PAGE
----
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Maturing Havanas

The tradition of aging fine Habanos has been around for a long time. Many cultures use this practice to improve the quality and refine the taste of the cigars they like to smoke. Most notably, in England you will find many fine wine cellars where English gentlemen age their beloved bottles of Lafite Rothschild next to cabinets of Davidoff Chateau Lafite and Chateau Margeaux or Dunhill Estupendos. Hong Kong for years accepted this practice, as it was a colony of England. In Spain and Cuba the cigar smoker prefers to smoke only fresh cigars. Most of the Cuban cigar makers will tell you that cigar will lose it “sole” after 5 or 7 years. My guess is that, it is a cultural phenomena.Smoking was something that son would take up after watching his father and with his father’s approval and guidance. That is universal, no matter where you are born.

The famous Zino Davidoff was of the same opinion. He always questioned the practice of aging Habanos and always argued with cigar aficionados that cigars will peak at 3 to 5 years of age and will start lose their taste after that period (even though Zino, an avid cigarette smoker, seldom smoked cigars!).

I think some cultures like the strength of pepper and spices and a big flavor that you find in a young cigar.Oils are plentiful, strong and fresh in a new tobacco leaf. Others prefer the complexity of flavors found in aged cigars. In my opinion they are by far more enjoyable and rewarding to smoke than fresh cigars. Not to say that I don’t also enjoy from time to time a freshly rolled cigar from the table of cigar roller in Havana.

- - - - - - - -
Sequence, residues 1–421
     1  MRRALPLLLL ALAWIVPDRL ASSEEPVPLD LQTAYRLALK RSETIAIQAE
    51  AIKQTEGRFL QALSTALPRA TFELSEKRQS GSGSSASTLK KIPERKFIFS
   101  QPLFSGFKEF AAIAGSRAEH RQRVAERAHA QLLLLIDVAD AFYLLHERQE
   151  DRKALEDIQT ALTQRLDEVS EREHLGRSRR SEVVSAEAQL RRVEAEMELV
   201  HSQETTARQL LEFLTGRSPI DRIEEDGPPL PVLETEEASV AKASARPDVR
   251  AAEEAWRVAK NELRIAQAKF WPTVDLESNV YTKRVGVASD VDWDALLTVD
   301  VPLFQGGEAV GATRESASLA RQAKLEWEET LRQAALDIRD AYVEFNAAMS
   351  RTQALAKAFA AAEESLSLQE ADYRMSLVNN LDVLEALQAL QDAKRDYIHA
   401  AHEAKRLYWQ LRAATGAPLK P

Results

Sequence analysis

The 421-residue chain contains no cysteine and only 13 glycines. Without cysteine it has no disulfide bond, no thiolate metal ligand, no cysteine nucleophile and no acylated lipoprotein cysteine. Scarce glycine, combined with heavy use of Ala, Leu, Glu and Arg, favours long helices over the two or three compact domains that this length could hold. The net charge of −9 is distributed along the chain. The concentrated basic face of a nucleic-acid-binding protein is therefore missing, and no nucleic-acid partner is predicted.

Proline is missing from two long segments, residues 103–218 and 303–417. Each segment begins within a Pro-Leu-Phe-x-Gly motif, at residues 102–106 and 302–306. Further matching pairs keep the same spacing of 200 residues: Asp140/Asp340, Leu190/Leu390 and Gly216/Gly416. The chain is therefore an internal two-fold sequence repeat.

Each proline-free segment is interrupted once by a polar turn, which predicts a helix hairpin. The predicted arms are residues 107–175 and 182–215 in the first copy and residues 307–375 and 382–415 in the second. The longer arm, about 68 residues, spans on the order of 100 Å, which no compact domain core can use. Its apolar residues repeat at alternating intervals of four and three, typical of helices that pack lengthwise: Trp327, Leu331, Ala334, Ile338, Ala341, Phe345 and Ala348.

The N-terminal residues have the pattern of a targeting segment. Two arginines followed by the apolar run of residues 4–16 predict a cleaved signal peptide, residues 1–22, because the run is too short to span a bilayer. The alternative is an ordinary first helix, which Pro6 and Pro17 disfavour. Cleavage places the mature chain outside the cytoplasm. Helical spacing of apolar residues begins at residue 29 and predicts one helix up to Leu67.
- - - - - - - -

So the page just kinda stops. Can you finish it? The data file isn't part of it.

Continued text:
Aged cigars have been around for many years. Before the cigar boom of 1994, Cubatabacco always aged filler tobacco (tripa) for cigar production for 4 to 6 years, and wrappers (capa) for at least 3 years. It would take another year or two for a finished product in a cigar box to sit in a warehouse in Havana before departing to Europe by ship, crossing the ocean, resting for another 6 months to 1 year in a distributor’s warehouse before finally arriving to your local tobacco shop. It may have sat on the shelf of a cigar merchant for a year or two before it was purchased. Therefore, if you bought a box of cigars in the mid 1980’s, The cigars could have already been 7 to 9 years aged!

This is not the case today as the world has become smaller and hungrier for anything Cuban, especially the mysterious Havana cigar. Now days tobacco is cured for only months, produced and airlifted to cigar shops in a matter of months. What we smoke today was a leaf on a plant just 12 months ago.

How many times have we heard “Oh, this cigar has fruity notes” or “it has chocolate or coffee flavor”? We think those comments are reserved for real connoisseurs or cigar aficionados. But in fact any one of us can taste it. Many times I am told by cigar smokers ”The taste is a very subjective matter. What I taste may not be what someone else tastes”. The fact of the matter is that the taste is absolute and non - subjective. If we put 10 people around the table and give them all strawberries, all 10 will agree that they taste strawberries, not orange. If we give them a tomato, all 10 will say it is tomato. Where we begin to have problems and get confused is smoking a cigar with 5 , 6 or more of those flavors being combined in a single cigar. Now we have to sit there and try to pick out what it is we taste in the cigar.That is a lot harder to do than with just one flavor. That is where the aged cigar comes in, as the fresh cigar will completely overpower you with spices. It is like eating a hot and spicy dish – you only feel the burning and miss the flavors of your food.